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Marketing Viewpoint by Ruth Winett
How To Build Brands That Sell Themselves
You can develop "apostle brands," or brands that effectively sell themselves if you have in-depth knowledge of customers and their needs; if you offer compelling products; and if you engage employees. Rocket: Eight Lessons to Secure Infinite Growth Parts I and II by Michael J. Silverstein, Dylan Bolden, Rune Jacobsen, and Rohan Sajdeh offers practical tips on how to develop apostle brands.
An apostle brand is one in which customers act as "fanatical" ambassadors for the brand. Examples of such brands are Starbucks and Audi. The authors derived their "rules" from past experience with B2C customers, but their insights are also appropriate for B2B companies. Here are their rules, plus additional comments and suggestions.
Don't ask customers what new products or services they want. They can't imagine what they want "until you show them." Ask probing questions. "What do you do?" "How do you do it?" and "What factors make it harder/ easier to do it?" are three of my favorite introductory questions. Responses to these questions will help your product developers, salespeople, and customer support staff.
Solicit customer complaints and heed them. Ask "What else do you need?" Also ask, "When do you consume a product?" "Whom are you with?" and "How do you want to feel?" [see the next item below] Responses to these probing questions will give you additional insight into what is behind customers' real wants. Then, take corrective actions. Customers will broadcast their positive experiences with your company.
Provide products with curb appeal. Apple products are sleek and elegant. Customers feel special when they are the first to own the next great thing from Apple. Recommendations from early iPhone purchasers helped boost sales.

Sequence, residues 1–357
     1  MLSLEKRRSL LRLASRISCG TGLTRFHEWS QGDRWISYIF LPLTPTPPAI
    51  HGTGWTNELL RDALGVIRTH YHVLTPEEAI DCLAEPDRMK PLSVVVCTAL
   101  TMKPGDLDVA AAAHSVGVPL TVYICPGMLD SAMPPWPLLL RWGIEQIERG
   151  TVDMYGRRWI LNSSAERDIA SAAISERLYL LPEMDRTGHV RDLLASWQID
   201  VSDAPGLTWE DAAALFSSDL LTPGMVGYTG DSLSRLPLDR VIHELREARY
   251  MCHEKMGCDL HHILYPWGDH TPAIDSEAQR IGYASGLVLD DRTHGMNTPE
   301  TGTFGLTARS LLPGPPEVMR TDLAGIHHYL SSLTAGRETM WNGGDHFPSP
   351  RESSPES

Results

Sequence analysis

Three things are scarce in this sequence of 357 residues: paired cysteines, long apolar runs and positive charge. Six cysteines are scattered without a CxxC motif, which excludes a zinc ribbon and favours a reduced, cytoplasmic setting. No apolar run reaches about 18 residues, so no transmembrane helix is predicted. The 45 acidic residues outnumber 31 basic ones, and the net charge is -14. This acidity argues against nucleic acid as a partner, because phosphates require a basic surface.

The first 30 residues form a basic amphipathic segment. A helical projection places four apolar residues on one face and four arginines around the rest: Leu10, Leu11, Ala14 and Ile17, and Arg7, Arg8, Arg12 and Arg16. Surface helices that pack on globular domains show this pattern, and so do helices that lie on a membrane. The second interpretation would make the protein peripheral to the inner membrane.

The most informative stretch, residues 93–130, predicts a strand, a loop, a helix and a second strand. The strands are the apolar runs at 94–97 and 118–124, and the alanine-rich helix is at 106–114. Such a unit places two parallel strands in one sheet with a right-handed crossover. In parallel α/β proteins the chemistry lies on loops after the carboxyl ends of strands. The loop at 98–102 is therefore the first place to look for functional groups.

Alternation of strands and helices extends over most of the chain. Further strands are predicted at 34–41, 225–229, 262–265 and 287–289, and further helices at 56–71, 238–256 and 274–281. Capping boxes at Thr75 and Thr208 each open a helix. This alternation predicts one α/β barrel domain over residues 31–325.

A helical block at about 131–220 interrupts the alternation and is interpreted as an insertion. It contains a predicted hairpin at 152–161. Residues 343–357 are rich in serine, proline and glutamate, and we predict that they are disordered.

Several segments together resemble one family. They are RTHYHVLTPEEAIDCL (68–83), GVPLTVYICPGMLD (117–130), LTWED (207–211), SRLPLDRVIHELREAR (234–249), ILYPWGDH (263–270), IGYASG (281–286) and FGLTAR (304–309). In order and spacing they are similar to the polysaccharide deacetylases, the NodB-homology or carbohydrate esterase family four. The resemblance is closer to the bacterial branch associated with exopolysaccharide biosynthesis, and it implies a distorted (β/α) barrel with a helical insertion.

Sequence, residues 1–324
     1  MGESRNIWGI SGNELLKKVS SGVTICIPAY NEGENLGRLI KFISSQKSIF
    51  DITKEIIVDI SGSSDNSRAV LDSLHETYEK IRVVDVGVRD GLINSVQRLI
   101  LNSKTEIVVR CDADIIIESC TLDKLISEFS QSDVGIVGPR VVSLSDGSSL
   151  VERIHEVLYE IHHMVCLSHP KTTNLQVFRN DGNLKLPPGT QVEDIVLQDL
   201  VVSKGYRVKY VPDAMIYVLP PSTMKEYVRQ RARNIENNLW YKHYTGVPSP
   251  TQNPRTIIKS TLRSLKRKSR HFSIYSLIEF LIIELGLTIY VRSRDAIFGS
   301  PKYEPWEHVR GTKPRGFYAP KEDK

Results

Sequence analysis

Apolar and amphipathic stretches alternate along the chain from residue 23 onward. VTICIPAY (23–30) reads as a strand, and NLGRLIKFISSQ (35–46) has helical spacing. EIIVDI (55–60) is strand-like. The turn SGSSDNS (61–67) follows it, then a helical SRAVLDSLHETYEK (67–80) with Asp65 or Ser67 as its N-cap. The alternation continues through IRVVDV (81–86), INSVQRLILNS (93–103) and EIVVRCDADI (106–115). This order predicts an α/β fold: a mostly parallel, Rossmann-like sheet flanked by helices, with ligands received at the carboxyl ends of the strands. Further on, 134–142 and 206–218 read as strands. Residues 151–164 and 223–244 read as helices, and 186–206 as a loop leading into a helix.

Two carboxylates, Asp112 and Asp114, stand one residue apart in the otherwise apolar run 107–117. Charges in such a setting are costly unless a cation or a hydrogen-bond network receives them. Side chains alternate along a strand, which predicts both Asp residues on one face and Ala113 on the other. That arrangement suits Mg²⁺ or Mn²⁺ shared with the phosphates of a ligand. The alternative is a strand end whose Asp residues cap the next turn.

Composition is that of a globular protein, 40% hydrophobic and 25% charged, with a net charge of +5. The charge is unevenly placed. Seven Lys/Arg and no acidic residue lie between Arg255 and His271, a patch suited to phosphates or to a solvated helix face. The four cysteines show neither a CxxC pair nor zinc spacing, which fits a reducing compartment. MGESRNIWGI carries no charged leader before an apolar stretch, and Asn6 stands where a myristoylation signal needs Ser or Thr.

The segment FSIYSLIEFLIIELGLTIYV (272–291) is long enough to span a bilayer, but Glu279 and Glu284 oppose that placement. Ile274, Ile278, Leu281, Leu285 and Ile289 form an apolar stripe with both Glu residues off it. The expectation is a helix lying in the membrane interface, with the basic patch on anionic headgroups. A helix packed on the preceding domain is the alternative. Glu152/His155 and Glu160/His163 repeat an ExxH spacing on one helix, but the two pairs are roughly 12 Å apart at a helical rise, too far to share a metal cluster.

Inspire employees to be passionate about your products. Give them insight into how your products address known customer needs. Treat your employees well, and if possible, let them try new products or services. They, too, will become product evangelists.
Cultivate virtual relationships with customers and products as this will also encourage them to become digital ambassadors for your products. Another way to connect virtually is to offer online customer support.
Finally, develop and deploy metrics to track how your brand is doing. "Brands are fragile." If they are "not improving, [they are] declining." Gathering data will help you identify which strategies most successfully boost your brand and increase sales.
Court your most supportive fans as they will "propagate" other fans. Two percent of customers are apostles or advocates. They make up 20 percent of sales. Their friends make up another 60 percent of sales. The remaining 20 percent of sales come from "'strangers.'" Altogether, the apostles and their friends are responsible for most of a company's profits, say the authors of the article.
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